Electronic Recycling Up via eCycling Leadership Initiative

Over 4.6 million tons of e-waste ended up in U.S. landfills in 2000 according to the EPA. On average, an American household has 25 different electronic products, most of which will someday wind up needing to be recycled. The problem with electronic waste is that the toxic chemicals, like mercury, in the electronics can leach into the land or be released into the atmosphere. Thankfully, electronic recycling is increasing. In fact, last year 460 million pounds of electronics were recycled, a 53 percent increase over the 300 million pounds recycled in 2010, according to the first annual report of the Consumer Electronics Association’s (CEA) eCycling Leadership Initiative.

The CEA launched the eCycling Leadership Initiative on April 13, 2011 with a dozen electronics companies with the goal of recycling one billion pounds electronics a year by 2016. One billion pounds of electronics would fill about 88.9 million cubic feet, equivalent to a 71,000 seat NFL stadium. The amount of drop-off locations increased nationwide to almost 7,500 last year from just over 5,000 in 2010, and 96 percent of the recycling done by the Initiative participants, by the end of last year, was conducted in third-party certified recycling facilities

The Initiative wants to go beyond the billion pounds by 2016 goal. As Walter Acorn, CEA’s vice president of environmental affairs and industry sustainability, says, “The eCycling Leadership initiative is an ongoing, permanent initiative that will follow the best practices and commitment of industry, including practices that prohibit the use of recyclers and downstream processors who dump end-of-life electronics in developing nations.” Alcorn adds, “We want to make recycling electronics just as easy as purchasing electronics.”

The Initiative holds participants to a higher standard and seeks national regulations

Some electronic waste is exported to developing countries, as Greenpeace points out. The problem with dumping electronic waste in developing countries is that they are not likely to have hazardous waste sites. The Initiative prohibits participating electronic manufacturers and retailers from using “recyclers and downstream processors who irresponsibly dispose of electronics, whether here or abroad,” the CEA’s website states.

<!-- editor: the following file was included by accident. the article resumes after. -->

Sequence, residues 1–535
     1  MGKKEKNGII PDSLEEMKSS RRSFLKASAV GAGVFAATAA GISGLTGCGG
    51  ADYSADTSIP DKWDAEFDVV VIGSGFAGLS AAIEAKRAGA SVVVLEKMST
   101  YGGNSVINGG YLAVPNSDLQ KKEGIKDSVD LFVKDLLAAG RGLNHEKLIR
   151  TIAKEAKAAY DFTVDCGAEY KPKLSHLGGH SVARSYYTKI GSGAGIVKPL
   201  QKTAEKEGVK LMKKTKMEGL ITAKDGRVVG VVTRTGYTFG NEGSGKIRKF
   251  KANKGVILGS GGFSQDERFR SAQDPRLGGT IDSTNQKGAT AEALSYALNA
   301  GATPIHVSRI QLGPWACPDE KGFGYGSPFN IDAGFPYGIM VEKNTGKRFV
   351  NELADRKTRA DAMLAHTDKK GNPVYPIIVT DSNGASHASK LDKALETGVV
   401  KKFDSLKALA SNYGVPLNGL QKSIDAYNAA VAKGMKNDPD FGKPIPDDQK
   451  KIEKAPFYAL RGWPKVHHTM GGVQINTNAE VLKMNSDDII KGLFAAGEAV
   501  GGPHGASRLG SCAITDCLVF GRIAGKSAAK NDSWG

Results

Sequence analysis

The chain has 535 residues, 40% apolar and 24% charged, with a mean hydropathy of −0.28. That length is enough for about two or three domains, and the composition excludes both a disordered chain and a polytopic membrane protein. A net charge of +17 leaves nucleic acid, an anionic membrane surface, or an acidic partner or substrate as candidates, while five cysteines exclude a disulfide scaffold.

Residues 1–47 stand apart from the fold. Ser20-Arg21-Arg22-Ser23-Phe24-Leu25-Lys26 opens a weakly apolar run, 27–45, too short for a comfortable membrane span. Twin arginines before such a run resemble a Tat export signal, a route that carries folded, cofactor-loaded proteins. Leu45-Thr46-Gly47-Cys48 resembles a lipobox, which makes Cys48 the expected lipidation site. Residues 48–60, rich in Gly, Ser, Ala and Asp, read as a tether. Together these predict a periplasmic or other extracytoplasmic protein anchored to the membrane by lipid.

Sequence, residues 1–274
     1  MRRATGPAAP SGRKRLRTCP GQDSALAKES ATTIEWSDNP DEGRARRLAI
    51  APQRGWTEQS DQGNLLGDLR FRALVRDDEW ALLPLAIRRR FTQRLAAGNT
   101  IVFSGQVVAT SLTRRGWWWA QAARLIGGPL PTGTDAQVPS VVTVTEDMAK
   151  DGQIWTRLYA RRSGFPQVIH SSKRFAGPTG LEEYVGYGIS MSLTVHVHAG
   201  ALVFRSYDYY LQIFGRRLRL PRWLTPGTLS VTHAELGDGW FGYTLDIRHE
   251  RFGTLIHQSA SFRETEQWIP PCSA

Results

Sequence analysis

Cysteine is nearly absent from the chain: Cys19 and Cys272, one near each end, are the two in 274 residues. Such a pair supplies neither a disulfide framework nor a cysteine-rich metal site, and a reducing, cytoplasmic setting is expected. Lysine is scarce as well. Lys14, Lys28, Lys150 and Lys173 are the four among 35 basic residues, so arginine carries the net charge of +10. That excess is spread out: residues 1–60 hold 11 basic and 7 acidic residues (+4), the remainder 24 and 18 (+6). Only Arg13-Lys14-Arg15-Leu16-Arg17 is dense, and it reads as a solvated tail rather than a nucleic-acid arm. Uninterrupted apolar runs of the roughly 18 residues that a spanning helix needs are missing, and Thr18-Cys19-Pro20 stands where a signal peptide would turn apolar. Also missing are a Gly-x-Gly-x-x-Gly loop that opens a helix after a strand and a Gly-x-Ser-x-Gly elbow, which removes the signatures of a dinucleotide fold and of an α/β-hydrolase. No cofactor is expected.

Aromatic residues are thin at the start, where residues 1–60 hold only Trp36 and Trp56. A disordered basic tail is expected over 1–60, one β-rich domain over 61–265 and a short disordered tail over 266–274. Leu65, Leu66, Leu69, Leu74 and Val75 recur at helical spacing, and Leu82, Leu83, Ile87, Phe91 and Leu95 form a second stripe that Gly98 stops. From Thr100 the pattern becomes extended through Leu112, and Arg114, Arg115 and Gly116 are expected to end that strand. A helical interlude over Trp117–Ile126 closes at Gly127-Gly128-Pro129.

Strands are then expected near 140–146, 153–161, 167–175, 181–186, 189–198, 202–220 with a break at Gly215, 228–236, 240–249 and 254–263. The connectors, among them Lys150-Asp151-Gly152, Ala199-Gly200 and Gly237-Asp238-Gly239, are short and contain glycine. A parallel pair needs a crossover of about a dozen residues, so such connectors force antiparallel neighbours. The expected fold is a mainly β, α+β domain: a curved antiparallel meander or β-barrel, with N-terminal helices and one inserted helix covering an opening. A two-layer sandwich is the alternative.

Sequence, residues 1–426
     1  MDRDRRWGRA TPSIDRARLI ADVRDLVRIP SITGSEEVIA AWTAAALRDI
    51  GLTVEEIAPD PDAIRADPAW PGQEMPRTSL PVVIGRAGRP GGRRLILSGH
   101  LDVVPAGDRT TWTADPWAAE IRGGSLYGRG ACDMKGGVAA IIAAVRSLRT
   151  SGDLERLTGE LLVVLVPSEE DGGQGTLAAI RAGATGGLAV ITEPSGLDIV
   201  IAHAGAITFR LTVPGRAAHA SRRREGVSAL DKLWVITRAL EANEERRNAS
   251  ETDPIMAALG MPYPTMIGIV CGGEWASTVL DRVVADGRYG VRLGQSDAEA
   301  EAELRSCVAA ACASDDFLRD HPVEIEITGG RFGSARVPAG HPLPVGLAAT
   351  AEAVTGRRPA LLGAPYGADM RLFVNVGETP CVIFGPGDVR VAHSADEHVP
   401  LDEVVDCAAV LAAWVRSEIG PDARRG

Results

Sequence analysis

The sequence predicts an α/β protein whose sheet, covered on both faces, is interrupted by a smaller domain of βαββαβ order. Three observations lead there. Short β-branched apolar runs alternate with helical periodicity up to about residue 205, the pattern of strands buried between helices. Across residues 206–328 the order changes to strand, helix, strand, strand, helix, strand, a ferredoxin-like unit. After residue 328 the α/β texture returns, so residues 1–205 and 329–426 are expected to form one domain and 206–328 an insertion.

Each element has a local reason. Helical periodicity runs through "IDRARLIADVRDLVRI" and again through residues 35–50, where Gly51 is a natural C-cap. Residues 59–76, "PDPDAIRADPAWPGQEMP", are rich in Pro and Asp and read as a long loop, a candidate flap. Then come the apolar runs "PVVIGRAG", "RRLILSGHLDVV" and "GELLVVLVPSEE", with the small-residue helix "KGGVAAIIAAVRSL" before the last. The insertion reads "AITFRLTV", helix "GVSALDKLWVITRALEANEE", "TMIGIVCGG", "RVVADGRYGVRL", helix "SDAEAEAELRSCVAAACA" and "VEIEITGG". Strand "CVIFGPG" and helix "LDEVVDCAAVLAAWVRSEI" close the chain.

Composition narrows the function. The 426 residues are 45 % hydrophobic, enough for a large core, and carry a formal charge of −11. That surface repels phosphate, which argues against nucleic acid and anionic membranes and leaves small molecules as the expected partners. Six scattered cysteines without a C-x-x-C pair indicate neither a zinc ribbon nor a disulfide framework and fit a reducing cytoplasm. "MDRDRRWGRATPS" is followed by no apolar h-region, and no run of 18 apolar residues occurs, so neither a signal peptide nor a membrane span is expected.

Part of the reason so much of the electronic waste wound up in either U.S. or overseas landfills is lack of regulations, and differing state regulations. One of the goals of the initiative is to “push for a national solution to eCycling that will eliminate the costly and confusing patchwork of state regulations,” as Gary Shapiro, president and CEO of CEA, says.

Photo: Wikipedia user, AvWijk

Gina-Marie Cheeseman

Gina-Marie is a freelance writer and journalist armed with a degree in journalism, and a passion for social justice, including the environment and sustainability. She writes for various websites, and has made the 75+ Environmentalists to Follow list by Mashable.com.

3 responses

  1. That’s great! It’s hard to recycle electronics because of their complexity, and I for one, admit that I dumped one or tvs at the local dumpsite since its just so frustrating trying to recycle them. Recently though, I decided to sell them to junk shops which chop them up and recycle the parts themselves. I indirectly recycle and I earn a bit of money on the side, but I wish I could directly recycle the stuff I own when they kick the bucket. Cheers guys, great deal.

    Juan Miguel RuizGreenJoyment.com

  2. Consumer electronics are becoming something that almost everyone uses mostly all day. People use personal computers for private use at home, at work, as well as an institution. During the use of World-wide-web all causing a variety of plans for software that people often use, desktops are becoming more up-to-date in order to run faster and support innovative programs. 

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